# R: combining output from apply for each value of an array dimension

I hope to obtain the percentage of rows with a maximum value of 1 in a 4-dimensional array. I can obtain that information using an apply function for individual values of the 4th dimension, then use cbind to combine all of the output. However, the number of values in the 4th dimension may vary. Is there an efficient way to obtain the output in the desired format without using cbind?

Below is functional code that returns the desired information as separate vectors for each level of the 4th dimension of an array.

``````set.seed(9345)

A <- 8
B <- 2
C <- 5
D <- 2  # the value of D might change

y2 <- array(rbinom(A*B*C*D, 1, 0.4), dim = c(A, B, C, D))

pA <- colMeans(apply(y2[,,,1], c(1,3), max))
pB <- colMeans(apply(y2[,,,2], c(1,3), max))

pp <- cbind(pA, pB)
pp

#        pA    pB
# [1,] 0.750 0.875
# [2,] 0.625 0.250
# [3,] 0.375 1.000
# [4,] 0.375 0.500
# [5,] 0.625 0.750
``````

Is there an easy way to obtain the equivalent of pp without using cbind on the output pA and pB (maybe a one-liner that incorporates the apply and colMeans functions)? If the number of values in the 4th dimension (D) change then the number of vectors that must be combined with cbind would vary.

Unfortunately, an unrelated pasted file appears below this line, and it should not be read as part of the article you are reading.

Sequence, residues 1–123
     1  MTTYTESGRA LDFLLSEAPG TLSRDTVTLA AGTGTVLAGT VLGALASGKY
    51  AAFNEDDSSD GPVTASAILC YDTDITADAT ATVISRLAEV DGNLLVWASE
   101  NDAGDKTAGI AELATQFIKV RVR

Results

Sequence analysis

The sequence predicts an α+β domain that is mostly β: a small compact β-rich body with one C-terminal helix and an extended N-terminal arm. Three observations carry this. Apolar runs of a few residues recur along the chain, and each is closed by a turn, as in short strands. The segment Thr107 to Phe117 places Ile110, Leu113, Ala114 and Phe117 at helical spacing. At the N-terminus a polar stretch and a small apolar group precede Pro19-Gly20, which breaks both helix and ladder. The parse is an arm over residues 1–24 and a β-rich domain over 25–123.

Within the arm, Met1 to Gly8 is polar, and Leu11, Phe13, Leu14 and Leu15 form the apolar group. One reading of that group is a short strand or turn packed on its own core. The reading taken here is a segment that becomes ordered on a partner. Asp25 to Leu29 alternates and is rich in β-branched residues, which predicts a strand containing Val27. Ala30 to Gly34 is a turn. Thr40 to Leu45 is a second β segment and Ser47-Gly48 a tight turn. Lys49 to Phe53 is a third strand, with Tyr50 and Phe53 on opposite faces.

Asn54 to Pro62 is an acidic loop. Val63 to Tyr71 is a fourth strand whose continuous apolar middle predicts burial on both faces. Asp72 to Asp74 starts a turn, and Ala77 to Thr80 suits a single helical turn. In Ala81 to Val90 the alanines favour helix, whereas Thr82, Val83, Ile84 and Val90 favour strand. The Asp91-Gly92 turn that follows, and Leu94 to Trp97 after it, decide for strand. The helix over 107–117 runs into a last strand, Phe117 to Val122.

Thank you for any suggestions.

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The code you've posted doesn't work without editing. (You set up an object `y`, but then operate on `y2`.) If you do `y2 <- y`, then the resultant matrix isn't as shown. (It instead matches the one in my answer below). – Josh O'Brien Apr 24 '12 at 23:44
Yes, I saw that and fixed it. Sorry about that. – Mark Miller Apr 24 '12 at 23:50

This should be equivalent, and simpler to boot:

``````colMeans(apply(y2[,,,], c(1,3,4), max))
#       [,1]  [,2]
# [1,] 0.750 0.875
# [2,] 0.625 0.250
# [3,] 0.375 1.000
# [4,] 0.375 0.500
# [5,] 0.625 0.750
``````
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Thanks for the answer. I am thinking if I use c(1,3,4) I do not need the t(): colMeans(apply(y2[,,,], c(1,3,4), max)). – Mark Miller Apr 25 '12 at 0:00
@MarkMiller -- Thanks for catching that (fixed now). (It was left over from the experiments I'd run when I was puzzling over why `c(1,3,4)` didn't match your posted results!) – Josh O'Brien Apr 25 '12 at 0:45